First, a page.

The amended motion was unanimously passed by City Council today. It asks the city administration to present a budget and timetable for the study at the Budget and Finance Committee's first October meeting.
Updated at 3:18 p.m. with results of City Council meeting.
Brian Garry has sent out word to the media that he's interested in replacing outgoing Cincinnati City Councilman John Cranley, who announced yesterday that he's leaving office to work on Price Hill development projects and join a local law firm. Kevin Osborne reported yesterday that Greg Harris is the favorite to replace Cranley.
Garry, who has already announced he's running for City Council this fall, describes himself as a "community organizer and lifelong Democrat" in a press release touting his credentials.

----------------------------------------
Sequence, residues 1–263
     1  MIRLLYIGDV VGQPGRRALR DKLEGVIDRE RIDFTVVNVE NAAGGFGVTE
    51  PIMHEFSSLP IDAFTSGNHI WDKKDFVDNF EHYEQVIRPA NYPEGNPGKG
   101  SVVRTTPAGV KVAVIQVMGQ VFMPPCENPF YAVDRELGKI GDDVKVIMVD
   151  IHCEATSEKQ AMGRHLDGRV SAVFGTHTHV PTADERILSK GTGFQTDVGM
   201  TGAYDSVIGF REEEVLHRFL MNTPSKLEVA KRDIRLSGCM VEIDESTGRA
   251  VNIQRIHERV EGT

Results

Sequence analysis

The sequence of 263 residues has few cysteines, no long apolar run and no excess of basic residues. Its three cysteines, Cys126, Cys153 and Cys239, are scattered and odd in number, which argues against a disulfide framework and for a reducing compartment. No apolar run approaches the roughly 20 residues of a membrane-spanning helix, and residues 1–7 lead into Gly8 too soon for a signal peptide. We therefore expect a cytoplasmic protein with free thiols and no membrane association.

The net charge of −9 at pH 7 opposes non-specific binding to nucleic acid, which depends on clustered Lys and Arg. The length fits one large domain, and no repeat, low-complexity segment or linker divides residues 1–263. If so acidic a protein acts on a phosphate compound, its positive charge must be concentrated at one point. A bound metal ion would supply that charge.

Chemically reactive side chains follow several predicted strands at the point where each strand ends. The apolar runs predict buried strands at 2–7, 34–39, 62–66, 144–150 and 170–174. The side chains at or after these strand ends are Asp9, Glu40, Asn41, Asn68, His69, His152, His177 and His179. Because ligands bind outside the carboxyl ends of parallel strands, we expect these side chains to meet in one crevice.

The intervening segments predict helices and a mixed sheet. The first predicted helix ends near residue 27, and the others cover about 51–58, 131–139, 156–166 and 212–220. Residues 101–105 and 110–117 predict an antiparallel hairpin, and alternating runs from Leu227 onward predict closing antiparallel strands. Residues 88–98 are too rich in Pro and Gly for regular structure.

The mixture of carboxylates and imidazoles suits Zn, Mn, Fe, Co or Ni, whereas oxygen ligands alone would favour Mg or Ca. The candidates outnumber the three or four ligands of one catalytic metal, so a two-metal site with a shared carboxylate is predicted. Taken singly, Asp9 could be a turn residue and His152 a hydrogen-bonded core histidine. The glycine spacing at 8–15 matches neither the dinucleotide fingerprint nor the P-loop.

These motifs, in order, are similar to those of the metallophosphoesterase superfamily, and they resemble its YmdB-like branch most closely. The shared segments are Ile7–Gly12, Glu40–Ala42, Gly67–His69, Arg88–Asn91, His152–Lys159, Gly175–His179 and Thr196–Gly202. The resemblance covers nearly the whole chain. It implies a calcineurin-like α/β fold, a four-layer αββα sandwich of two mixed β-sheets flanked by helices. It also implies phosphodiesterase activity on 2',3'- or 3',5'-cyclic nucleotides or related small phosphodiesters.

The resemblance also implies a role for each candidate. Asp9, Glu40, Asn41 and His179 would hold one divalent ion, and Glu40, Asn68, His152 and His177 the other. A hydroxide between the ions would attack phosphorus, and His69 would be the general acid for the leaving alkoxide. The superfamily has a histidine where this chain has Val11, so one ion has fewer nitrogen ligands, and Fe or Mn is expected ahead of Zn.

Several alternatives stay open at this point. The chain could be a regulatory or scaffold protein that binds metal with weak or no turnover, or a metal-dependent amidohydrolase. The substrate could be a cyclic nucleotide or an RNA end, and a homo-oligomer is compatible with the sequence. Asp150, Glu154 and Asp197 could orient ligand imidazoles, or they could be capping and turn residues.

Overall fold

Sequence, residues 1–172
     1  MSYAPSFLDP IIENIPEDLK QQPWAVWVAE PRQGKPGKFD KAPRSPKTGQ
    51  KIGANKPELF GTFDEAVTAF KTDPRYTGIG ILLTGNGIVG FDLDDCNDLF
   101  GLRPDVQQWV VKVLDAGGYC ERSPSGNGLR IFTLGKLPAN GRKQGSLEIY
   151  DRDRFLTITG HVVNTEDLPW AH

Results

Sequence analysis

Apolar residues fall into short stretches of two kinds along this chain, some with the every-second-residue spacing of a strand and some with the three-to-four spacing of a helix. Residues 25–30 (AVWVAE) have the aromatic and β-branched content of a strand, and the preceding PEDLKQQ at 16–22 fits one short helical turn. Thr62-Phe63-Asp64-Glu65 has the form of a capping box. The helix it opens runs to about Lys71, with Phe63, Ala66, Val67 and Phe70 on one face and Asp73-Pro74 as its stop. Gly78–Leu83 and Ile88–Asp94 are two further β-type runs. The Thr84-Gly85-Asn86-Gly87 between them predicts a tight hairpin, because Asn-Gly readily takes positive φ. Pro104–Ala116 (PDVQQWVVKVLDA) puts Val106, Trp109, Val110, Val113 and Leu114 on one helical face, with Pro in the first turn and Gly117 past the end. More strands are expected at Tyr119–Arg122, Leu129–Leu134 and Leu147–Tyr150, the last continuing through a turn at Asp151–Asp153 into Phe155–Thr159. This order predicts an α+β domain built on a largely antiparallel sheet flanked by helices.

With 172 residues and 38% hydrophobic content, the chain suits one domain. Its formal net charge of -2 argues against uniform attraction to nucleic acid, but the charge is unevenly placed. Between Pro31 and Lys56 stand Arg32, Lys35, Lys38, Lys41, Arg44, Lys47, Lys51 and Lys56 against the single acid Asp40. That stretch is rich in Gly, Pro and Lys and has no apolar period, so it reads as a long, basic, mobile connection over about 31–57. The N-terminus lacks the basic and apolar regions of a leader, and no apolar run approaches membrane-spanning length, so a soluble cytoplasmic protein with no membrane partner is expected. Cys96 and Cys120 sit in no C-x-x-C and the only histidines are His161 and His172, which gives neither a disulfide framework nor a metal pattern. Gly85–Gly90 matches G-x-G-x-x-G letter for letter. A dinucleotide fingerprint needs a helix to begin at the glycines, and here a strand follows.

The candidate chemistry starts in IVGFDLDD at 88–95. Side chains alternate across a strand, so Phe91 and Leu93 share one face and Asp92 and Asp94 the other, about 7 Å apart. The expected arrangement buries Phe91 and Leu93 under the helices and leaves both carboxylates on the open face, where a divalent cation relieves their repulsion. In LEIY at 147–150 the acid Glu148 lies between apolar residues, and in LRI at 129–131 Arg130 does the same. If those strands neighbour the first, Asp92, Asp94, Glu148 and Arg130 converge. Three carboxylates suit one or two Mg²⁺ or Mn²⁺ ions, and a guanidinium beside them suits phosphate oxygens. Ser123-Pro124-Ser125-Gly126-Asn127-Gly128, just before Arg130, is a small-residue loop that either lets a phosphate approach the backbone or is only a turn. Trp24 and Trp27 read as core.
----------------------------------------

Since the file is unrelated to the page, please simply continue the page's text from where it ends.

"I've run for Council before, and I know what it takes to win," he says. "Building from my 2007 campaign will allow me to not only have the resources to retain this seat but also the man power it takes to get out the vote."
Garry placed 18th in the 2007 council race, when he was endorsed by the Democratic Party, and 23rd in the 2003 council race, when he ran as an independent. (Harris finished 15th in the 2007 council race, when he was also endorsed by the Democratic Party.)
Garry says he hopes to soon meet with Hamilton County Democratic Party Chairman Tim Burke "as well as several other prominent Democrats" about Cranley's seat.
(Photo of Garry and Obama from Garry's press release.)
Despite promising to
move on after he failed to cancel the $132.8 million streetcar
project, Mayor John Cranley continues criticizing the
project in interviews and social media.
Most recently, Cranley appeared on Local 12’s Newsmakers program and threatened